ANTICIPATING on-going changes in society, its economy,
its culture and its environment

 

 

 

Download the
LAB brochure

Watch the videoVID
« 2011 Open Innovation day »

“Workshop Seniors, Health and Mobility – Strasbourg, March 16th, 2012” (French version)  


Who are we ?

Veolia Transdev, the fourth biggest public transport operator in Europe, has launched the Mobility Laboratory.

The Mobility Laboratory observes and analyses trends relating to mobility in a large number of countries. As a place for encounters and exchanges between research work and field experience, it takes into account the expectations of the public and local government authorities in order to build solutions to propose to them.
 

What are the focuses for research ?

Energy scarcity, "hyper-communication" and urban development are all contributory factors to a new paradigm examined by the Laboratory in order to study trends in transport use and the behaviour patterns of the general public. Among those trends are the development of virtual mobility, concern for the environment and sustainable development, cyclical trends in the economy and emerging trends in transport use and behaviour linked to changes in values and lifestyles.

 

Lab Points of View:


Each publication isdevoted to a mobility-related theme with the aim of providing highly expert but clearcontent that isdeterminedly forward-looking toenlighten readers in their respective areas of activity.
Each publication addresses innovative and original issues from various standpoints (economic, social, technical, etc.) but always taking usage as the starting point.


To download each publication, please, click on its cover cheap.

Mobility faced with an ageing population
An increasingly large population group that is demanding and far from captive. And what if the mobility of seniors were to be the real laboratory for testing tomorrow’s flexible, easily accessed travel offerings?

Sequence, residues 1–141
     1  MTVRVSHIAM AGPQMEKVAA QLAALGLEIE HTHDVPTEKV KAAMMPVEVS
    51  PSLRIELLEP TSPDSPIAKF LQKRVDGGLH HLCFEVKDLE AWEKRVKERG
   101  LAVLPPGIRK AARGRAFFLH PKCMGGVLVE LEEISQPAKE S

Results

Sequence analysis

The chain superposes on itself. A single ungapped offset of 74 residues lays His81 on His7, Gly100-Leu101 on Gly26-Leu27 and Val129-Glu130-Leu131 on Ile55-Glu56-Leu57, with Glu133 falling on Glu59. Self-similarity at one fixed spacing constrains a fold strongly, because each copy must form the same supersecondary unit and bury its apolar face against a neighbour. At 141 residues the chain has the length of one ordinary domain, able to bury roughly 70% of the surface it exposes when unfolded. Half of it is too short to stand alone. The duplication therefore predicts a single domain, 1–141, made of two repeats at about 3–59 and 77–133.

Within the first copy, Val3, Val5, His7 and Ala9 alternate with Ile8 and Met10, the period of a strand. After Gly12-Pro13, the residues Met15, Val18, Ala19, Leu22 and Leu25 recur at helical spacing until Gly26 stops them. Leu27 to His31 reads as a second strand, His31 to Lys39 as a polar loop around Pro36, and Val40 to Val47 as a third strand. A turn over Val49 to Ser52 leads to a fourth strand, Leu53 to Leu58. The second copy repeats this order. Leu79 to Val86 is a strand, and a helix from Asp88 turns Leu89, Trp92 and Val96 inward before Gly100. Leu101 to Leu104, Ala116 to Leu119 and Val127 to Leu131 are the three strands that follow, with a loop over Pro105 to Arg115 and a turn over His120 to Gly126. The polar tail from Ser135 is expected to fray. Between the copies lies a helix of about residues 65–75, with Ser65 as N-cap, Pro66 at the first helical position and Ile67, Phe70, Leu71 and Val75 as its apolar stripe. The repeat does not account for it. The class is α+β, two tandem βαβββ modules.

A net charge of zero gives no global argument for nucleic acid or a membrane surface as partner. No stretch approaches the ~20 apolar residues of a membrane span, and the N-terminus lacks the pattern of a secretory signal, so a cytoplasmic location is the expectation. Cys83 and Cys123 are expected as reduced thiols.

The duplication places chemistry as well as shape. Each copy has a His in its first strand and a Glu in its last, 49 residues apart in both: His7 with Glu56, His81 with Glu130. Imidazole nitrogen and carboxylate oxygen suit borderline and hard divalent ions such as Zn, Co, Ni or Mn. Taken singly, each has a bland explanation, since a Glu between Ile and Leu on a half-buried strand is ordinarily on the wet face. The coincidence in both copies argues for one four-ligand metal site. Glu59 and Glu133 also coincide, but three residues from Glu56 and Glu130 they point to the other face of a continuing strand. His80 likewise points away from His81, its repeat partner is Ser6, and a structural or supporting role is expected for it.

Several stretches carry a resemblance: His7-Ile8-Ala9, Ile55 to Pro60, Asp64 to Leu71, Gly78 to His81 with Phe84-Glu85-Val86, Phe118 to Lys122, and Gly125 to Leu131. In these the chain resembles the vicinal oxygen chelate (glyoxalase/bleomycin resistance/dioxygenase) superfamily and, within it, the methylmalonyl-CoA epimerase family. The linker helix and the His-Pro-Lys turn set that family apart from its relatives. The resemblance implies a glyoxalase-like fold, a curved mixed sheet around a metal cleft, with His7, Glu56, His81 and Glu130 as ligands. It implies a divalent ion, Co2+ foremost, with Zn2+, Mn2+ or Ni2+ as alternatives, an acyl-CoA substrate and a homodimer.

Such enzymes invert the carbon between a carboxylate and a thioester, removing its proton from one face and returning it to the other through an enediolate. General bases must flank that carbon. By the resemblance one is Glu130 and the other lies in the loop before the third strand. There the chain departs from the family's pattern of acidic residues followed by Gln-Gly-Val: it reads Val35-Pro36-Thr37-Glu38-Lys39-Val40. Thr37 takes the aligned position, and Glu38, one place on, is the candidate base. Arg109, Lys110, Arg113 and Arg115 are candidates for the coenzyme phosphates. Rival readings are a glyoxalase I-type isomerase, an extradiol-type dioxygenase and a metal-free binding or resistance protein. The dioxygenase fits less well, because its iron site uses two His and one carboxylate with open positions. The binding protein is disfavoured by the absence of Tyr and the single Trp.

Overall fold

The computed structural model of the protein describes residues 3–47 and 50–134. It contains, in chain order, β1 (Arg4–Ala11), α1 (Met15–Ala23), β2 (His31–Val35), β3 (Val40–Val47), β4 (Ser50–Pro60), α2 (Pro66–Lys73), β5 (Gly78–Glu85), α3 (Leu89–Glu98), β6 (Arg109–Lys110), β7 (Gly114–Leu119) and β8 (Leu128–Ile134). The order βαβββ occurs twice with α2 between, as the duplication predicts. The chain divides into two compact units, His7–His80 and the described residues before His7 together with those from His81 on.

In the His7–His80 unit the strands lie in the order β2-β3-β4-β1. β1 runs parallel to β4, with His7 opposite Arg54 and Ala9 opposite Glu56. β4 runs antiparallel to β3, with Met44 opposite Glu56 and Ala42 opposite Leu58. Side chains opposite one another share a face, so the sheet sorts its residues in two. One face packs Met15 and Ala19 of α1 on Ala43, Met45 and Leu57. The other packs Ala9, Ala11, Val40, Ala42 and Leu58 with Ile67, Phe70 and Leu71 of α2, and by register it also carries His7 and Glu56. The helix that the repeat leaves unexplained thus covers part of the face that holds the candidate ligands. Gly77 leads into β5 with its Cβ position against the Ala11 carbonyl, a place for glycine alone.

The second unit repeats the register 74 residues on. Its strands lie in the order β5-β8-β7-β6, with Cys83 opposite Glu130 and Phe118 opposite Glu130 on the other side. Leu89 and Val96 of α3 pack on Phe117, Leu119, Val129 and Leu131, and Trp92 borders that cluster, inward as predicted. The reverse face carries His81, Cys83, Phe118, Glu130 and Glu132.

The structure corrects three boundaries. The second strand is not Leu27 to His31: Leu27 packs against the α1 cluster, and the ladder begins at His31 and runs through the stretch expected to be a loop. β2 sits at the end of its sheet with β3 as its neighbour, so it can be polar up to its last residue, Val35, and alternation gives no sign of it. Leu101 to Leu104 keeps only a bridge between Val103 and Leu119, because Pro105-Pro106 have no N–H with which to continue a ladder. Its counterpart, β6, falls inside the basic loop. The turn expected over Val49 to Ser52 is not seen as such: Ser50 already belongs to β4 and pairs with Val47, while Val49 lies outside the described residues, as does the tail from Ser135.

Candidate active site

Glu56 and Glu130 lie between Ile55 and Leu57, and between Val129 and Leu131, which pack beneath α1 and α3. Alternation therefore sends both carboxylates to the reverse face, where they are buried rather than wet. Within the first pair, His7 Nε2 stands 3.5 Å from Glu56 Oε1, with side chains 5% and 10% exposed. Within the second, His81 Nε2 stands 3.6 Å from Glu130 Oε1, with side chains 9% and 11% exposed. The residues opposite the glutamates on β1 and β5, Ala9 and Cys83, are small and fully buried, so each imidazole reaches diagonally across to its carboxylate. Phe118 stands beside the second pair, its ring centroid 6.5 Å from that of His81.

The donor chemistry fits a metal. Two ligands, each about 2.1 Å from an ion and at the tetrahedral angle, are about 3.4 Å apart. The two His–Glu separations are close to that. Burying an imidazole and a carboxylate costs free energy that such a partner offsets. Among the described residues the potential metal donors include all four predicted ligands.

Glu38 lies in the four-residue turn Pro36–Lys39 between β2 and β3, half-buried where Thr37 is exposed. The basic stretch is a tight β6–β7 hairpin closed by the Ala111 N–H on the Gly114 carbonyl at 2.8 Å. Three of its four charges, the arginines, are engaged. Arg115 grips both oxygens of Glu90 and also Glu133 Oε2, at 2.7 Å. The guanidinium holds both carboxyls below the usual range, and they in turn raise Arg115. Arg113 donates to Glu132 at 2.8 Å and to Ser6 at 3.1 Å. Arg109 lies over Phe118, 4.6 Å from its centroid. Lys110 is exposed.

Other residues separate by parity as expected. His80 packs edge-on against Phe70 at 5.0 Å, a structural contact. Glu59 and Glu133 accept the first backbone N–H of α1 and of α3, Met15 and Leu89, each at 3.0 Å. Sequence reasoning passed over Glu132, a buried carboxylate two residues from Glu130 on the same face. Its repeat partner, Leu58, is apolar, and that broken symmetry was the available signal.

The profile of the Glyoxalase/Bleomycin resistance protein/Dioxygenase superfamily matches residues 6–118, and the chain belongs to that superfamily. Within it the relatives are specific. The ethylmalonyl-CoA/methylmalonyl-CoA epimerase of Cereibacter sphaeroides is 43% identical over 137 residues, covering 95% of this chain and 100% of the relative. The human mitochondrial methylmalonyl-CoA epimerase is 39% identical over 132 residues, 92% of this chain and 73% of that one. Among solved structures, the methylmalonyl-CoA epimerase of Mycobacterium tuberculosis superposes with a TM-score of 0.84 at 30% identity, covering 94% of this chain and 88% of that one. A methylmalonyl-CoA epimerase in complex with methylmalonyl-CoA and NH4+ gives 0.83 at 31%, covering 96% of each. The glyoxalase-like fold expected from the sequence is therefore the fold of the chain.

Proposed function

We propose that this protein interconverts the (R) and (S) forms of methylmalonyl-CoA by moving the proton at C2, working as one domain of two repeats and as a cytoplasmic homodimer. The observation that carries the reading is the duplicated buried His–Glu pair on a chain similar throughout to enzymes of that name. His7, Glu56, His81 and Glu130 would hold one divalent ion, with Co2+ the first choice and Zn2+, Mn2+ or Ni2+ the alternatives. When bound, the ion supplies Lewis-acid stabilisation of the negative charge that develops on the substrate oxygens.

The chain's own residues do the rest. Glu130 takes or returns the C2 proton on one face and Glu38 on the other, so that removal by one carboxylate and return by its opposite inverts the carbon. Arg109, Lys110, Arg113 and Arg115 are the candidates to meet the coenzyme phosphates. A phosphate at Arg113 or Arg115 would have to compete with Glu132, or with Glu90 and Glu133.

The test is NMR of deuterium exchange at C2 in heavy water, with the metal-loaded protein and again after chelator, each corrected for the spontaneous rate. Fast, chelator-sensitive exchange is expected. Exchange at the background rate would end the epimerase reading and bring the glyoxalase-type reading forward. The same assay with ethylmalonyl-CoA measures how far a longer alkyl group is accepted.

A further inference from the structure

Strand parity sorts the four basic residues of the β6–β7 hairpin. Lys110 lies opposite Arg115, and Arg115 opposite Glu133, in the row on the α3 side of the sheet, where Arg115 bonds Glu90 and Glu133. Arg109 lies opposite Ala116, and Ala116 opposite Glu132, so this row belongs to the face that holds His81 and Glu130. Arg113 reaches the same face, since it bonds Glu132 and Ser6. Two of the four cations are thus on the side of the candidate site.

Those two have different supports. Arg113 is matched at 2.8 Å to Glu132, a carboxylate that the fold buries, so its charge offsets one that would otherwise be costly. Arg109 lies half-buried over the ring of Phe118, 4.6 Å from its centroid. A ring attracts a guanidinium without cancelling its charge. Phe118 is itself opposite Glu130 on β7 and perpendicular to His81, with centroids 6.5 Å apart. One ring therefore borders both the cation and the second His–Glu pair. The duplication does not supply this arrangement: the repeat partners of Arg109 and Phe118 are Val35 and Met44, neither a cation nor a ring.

Contemporary forms of mobility faced with the issue of wellbeing
Howcan quality of life be enhanced where transport is concerned?This article sets out to answer thequestion using the results of a June 2009 Wellbeing and Mobility survey in which Ipsos questioned7,000 respondents in 7 countries.

 

Urban mobility – Bringing back walking
Its self-evident nature masks the fact that it is a mode of travel in its own right. However, the resurgence of interest in walking we are currently seeing may provide a basis for the reorganisation of the city as a whole, along with the entire mobility chain.

 

What does the future hold for mobility?
The Mobility Lab has launched, alongside Ipsos, a programme of international strategic foresight research on daily mobility in cities. As an introduction to the presentation of the results of this enquiry, Bruno Marzloff, a sociologist, picks out for us the signs of the future, each of which raises issues for mobility operators.

Vehicules_electriqueElectric vehicles : a new generation of shared mobility
Probably, neither restrictive public policies nor a rapid development of public transport will be enough to reduce urban sprawl and traffic congestion. It is necessary to act at the level of town planning and reinvent the car’s place in the urban context. The new electric vehicles offer this opportunity to do so.

 
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